This is from my speech at the Graduation Ceremony of the Asian Pacific Islander and Desi American students at New York University on April 22 2021.
Thank you, Elizabeth and Kenzo.
My name is Aine Nakamura. I graduated from the MA program at the Gallatin School in 2020, having been mentored by Elizabeth Hoffman. I am a singer, composer, and performer. I have generated my idiosyncratic performance grammar of voice and body. During my studies, I was supported by the Asian Pacific and American Institute at NYU for my presentation of my art, and for my research of ritualistic songs in Okinawa and Yaeyama. [...] Last year in the midst of chaos, I could not attend the graduation ceremony and I contacted Dara that I wanted to attend this year to meet the community. It is my honor to speak today.
Since 2016 in NY, I was often verbally attacked and spit on; I have come to know now that what I have experienced were “hate crimes” although I am a little hesitant to say the word as the notion that I was (and am) hated takes away my stability somehow. I would be first angry about the discrimination and gradually become sad as I was reminded of the social issues of this country. However, I must admit that I always had a doubt whether I was really a member of this society, until I performed in NY several times and gained my confidence in my presence.
I have always been a quasi person or outsider in the United States and in Japan. Having been born in Pacific Northwest and raised there and in Japan, “Jap” and “shrimp” were the words I heard from other children in the States, and “someone from America,” the “enemy country,” from elderly in Japan. I wondered what the border between the two nations was. As I grew older, I started to learn about the war, exploitation, sexual exploitation, and forced labor. Peace became my internal theme.
After a decade gap from my undergrad studies in Japan, I decided to educate myself again in music. My voice is my “offering” as one of my mentors Janet Lawson would say. However, once I look at my voice as my body, I find myself in everyday politics: okusan means someone in the back and wife, and shujin, a dominant person and husband. How do I claim that I am a woman of this earth, and not okusan to my family? I try to ignore each unnecessary element of my transnational body and I often sink, overwhelmed, by the complexity of it. In order to seek free expression and move closer to my woman artist identity, I flew back to my first country and attended Jazz and Contemporary Music at The New School, and later NYU.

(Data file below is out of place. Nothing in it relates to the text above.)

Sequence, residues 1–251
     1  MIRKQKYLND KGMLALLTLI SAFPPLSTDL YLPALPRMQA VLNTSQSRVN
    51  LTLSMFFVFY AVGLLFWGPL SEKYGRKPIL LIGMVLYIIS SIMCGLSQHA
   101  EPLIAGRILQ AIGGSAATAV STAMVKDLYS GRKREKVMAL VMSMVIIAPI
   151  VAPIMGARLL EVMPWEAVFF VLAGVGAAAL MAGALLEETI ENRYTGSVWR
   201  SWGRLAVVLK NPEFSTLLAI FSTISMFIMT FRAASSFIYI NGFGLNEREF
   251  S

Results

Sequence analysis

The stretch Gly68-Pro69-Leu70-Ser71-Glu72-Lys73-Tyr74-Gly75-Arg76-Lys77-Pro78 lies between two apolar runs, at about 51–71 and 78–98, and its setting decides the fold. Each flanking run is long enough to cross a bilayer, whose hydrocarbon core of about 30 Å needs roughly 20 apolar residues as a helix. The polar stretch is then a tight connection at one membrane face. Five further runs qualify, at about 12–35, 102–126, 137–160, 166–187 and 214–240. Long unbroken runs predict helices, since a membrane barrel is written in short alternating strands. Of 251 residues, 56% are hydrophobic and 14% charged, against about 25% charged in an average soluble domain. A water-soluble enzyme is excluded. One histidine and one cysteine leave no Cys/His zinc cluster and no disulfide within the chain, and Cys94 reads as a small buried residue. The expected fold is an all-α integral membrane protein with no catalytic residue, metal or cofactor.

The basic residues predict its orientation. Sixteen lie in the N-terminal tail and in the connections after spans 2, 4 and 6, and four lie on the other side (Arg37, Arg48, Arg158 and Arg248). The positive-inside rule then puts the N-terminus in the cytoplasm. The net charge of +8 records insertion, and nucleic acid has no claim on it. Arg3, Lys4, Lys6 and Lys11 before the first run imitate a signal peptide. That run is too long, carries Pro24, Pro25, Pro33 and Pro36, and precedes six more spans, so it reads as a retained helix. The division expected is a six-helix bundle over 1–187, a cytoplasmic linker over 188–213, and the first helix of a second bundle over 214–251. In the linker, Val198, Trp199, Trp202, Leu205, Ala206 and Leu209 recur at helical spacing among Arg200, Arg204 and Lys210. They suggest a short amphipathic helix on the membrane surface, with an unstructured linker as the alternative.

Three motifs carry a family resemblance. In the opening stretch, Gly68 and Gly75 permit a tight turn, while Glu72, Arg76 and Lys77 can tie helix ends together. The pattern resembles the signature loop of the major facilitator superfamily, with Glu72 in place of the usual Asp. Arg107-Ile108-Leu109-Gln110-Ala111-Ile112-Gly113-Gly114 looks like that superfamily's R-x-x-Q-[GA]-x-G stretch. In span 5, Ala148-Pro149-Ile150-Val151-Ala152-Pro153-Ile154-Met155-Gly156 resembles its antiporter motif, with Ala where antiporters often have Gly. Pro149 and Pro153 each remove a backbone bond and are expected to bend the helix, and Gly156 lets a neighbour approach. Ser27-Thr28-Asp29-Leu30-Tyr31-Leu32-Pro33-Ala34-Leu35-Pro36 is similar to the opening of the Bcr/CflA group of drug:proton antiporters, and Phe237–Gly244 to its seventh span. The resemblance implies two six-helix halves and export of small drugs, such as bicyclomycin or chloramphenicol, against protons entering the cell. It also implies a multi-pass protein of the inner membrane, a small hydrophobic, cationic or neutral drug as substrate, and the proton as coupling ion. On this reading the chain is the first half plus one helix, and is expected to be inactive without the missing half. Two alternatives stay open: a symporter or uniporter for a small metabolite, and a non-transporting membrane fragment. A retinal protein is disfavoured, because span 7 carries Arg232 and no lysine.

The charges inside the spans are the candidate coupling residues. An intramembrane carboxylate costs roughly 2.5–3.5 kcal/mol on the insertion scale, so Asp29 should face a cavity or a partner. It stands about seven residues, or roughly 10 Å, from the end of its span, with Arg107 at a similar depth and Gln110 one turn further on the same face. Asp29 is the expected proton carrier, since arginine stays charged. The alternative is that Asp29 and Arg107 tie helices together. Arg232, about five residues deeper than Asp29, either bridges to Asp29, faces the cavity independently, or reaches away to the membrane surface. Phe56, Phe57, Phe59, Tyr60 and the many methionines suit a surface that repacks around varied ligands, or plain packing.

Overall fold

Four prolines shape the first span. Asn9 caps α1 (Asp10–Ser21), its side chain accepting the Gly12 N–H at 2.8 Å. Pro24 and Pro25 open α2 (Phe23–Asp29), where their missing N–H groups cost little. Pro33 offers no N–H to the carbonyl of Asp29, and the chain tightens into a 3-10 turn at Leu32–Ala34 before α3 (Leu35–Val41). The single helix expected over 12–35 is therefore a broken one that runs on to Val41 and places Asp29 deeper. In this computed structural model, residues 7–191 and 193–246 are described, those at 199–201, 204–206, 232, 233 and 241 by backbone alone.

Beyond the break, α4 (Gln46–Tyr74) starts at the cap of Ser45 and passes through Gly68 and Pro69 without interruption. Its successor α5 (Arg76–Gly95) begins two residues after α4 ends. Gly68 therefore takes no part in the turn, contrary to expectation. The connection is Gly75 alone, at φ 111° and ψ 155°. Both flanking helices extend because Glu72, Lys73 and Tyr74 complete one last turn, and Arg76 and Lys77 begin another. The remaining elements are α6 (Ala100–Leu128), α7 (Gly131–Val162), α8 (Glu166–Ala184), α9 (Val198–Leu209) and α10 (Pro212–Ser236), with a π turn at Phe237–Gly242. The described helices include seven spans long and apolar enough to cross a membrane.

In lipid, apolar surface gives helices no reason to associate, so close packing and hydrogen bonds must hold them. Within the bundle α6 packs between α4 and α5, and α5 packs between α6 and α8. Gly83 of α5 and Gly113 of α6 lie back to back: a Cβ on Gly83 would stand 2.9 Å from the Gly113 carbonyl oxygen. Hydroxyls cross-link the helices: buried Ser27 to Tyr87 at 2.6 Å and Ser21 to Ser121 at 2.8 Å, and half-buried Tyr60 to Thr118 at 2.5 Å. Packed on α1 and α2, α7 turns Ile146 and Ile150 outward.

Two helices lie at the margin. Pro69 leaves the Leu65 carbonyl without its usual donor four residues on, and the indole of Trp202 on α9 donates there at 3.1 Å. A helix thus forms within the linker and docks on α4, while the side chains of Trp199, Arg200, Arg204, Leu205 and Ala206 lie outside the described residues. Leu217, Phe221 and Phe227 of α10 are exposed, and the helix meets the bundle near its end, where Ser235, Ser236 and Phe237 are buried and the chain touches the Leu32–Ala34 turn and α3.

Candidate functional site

My artistic quest and my MA studies have meant a search for my own language to express self, which cannot be told simply through one disciplinary or cultural frame. Because of my appearance, I would not be able to avoid any judgement or assumption from the audience that anything I create, find, or say may be based in an “oriental” Asian world. However, I protect and nurture my intellectual and spiritual space based on my own personal stories; the world I am in or create, or what I offer, is not a singularity but a multiplicity, and I acknowledge my complexity and ambiguity.
I also gained and continue to cultivate the skills to critically think and speak: it has been a true asset for me as a woman, having had experienced a silenced place, to be able to voice and be confident about it.
In mid-March 2020, I experienced again harsh verbal attacks in the subway right before a documentation of my work. In the first take, “my voice as my body” ended the work with a fear I felt in my body. In the second take however, my voice chose kindness over fear; as a result, my voice healed my body.
I remember my baby sitter Ellen who was a Japanese American hoping and waiting for the apology by the US government about her family’s experiences of incarcerations, would often say to me and my sister, don’t talk back, work hard, work hard. That mentality stays with me, and I am adding more, my voice and resilience, my self care, health and embracement, and hopefully care for others for our new language.
Actor Anna Deavere Smith, who encouraged us to “reach out from” our personal stories, said that all artists are leaders of soul. As I sense humanity and my intention of my art connecting, I reach out from my transnational woman’s body and spirituality, seeking those sensible sounds, which have not been amplified, and those creativity in me, which have not been notated in one aesthetic, crossing boundaries.
Congratulations to us and all.